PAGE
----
H. R. 5528
IN THE HOUSE OF REPRESENTATIVES
April 17, 2018
Mr. Bacon (for himself, Mr. Kelly of Mississippi, Mr. Brady of Pennsylvania, Ms. Shea-Porter, and Ms. Rosen) introduced the following bill; which was referred to the Committee on Armed Services
To direct the Secretary of Defense to submit to Congress a plan for improvements to traumatic brain injury and post-traumatic stress research.
This Act may be cited as the
Speed Warrior Outcomes, Research, Detection and Diagnosis Act of 2018 or the
SWORDD Act of 2018.
Congress finds the following:
The Department of Defense and the Defense and Veterans Brain Injury Center estimate that 22 percent of all combat casualties from conflicts in Iraq and Afghanistan are brain injuries, compared to 12 percent of Vietnam-related combat casualties.
The complex physiology of the human brain presents unique challenges in the diagnosis and treatment of these injuries, and places significant emotional and financial burdens on families living with those who suffer from post-traumatic stress and traumatic brain injuries.
Despite considerable effort and investment devoted to the diagnosis and treatment of invisible wounds incurred from military service during the past decade, detection and diagnostic methods, therapies, and outcomes for post-traumatic stress and traumatic brain injuries are still not reaching the military and veteran population fast enough.
Accelerating innovation and treatment delivery for brain disease, particularly traumatic brain injury and post-traumatic stress, would be assisted by policies to improve collaboration between the Department of Defense, the National Institutes of Health, the Department of Veterans Affairs, and medical research translation offices at major universities.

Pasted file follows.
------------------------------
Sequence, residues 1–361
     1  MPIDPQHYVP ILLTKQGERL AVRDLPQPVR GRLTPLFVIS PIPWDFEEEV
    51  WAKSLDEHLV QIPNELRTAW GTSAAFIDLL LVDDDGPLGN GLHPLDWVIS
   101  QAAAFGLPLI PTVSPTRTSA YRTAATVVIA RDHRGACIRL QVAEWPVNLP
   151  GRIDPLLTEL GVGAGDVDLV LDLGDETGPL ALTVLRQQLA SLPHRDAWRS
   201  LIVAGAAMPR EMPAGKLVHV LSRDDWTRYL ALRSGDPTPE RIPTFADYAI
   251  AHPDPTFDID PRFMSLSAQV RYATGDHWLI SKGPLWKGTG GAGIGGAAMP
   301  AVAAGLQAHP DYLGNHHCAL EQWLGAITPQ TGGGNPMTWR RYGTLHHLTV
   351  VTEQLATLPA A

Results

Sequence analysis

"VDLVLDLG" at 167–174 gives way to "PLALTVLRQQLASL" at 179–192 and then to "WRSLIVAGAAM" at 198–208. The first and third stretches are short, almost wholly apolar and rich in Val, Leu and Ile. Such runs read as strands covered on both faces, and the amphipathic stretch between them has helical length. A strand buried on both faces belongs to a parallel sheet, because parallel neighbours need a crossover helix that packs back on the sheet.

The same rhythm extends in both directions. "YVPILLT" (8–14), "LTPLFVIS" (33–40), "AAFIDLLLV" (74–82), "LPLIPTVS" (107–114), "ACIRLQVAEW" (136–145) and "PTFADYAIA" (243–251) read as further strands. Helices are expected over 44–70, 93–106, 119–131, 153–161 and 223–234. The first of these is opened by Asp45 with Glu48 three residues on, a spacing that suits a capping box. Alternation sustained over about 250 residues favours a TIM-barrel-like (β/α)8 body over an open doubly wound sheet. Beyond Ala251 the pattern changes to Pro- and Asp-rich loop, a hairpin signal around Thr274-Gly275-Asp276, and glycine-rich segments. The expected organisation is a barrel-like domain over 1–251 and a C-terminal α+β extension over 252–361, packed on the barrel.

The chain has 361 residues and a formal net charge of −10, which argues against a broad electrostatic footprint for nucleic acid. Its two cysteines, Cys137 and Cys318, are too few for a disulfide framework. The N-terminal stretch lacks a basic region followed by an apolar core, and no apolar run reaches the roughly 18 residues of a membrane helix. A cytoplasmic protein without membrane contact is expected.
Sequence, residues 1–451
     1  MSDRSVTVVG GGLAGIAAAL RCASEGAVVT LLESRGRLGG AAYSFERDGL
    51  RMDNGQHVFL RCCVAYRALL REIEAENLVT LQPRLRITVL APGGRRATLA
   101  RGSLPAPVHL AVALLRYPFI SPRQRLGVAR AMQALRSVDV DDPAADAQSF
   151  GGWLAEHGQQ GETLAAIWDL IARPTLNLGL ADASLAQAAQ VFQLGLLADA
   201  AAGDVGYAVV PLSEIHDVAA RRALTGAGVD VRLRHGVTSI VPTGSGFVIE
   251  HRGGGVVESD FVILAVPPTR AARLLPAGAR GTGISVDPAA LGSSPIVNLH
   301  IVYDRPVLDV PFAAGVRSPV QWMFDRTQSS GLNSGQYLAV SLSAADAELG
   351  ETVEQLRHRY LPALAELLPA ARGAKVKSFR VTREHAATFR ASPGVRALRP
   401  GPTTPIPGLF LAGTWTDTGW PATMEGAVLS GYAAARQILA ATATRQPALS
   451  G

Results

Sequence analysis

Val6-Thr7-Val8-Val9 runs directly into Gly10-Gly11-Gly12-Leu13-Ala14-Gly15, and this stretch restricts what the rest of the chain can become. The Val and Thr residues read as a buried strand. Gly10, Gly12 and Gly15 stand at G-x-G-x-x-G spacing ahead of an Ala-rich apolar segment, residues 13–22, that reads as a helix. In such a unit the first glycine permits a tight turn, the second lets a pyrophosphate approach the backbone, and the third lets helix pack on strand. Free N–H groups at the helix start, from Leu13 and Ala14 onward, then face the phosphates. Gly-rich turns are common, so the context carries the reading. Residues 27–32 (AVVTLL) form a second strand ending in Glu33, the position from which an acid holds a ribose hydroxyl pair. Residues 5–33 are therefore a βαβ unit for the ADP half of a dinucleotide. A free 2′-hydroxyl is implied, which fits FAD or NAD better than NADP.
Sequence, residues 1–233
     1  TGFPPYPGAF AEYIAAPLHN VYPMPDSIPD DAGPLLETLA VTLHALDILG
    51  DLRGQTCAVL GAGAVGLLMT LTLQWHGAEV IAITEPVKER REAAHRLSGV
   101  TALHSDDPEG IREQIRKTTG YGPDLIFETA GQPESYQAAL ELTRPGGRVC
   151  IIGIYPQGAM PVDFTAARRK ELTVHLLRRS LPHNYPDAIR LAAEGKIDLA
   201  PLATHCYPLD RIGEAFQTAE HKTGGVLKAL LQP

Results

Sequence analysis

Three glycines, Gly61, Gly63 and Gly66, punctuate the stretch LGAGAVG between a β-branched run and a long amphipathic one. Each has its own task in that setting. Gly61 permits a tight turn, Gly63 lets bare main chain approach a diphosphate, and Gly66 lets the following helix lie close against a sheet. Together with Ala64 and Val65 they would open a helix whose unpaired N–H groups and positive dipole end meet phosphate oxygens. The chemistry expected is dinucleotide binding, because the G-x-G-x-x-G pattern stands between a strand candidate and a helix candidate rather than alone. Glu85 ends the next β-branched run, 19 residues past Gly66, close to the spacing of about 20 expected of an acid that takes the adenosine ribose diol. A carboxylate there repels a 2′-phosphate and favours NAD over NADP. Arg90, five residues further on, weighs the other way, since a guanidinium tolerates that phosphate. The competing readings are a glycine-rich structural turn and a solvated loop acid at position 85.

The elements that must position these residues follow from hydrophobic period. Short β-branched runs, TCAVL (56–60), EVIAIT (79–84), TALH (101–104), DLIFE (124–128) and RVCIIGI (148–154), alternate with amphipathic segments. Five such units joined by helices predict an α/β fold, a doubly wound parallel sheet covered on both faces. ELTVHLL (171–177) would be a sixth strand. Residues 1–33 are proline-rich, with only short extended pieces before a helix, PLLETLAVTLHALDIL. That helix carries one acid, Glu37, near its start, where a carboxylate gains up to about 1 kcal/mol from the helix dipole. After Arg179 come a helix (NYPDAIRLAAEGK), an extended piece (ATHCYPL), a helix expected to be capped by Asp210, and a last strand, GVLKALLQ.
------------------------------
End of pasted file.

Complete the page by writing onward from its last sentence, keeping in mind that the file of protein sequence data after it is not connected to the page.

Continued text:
Existing interagency mechanisms, such as the Federal Interagency Traumatic Brain Injury Research and the Chronic Effects Neurotrama Consortium, play an important role in enabling breakthrough therapies for traumatic brain injury and post-traumatic stress by sharing science between military and nonmilitary patients affected by brain disease; however, new partnerships, policies, and processes are required to speed treatment by more effectively combining scientific research, commercial technologies, and private equity firm resources to accelerate the detection, diagnosis, and delivery of therapies for military patients.
Within the Department of Defense, the Defense Health Agency serves as the lead advocate for brain disease diagnosis and treatment for members of the Armed Forces.
Plan for improvements to traumatic brain injury and post-traumatic stress research
Not later than 180 days after the date of the enactment of this Act, the Secretary of Defense shall submit to the congressional defense committees (as defined in section 101(a)(16) of title 10, United States Code) a report containing the following:
for the Director of the Defense Health Agency, in collaboration with the National Institutes of Health, the Secretary of Veterans Affairs, major universities, and private firms, as appropriate, to accelerate cooperative research, development, and the fielding of breakthrough therapies for traumatic brain injury and post-traumatic stress;
describing actions for the Director to maximize the coordination and use of scientific research efforts carried out by other elements of the Department of Defense, the National Institutes of Health, the Secretary of Veterans Affairs, major universities, and private firms, as appropriate;
describing the strategy of the Department of Defense to leverage existing other transaction agreements pursuant to section 2371 of title 10, United States Code, such as the Medical Technology Enterprise Consortium of the Army, to encourage financial collaboration and accelerate breakthrough therapies for the treatment of traumatic brain injury and post-traumatic stress; and
describing new processes to accelerate scientific research and delivery of breakthrough therapies for traumatic brain injury and post-traumatic stress.
Recommendations by the Secretary for executive or legislative actions necessary to carry out the plan.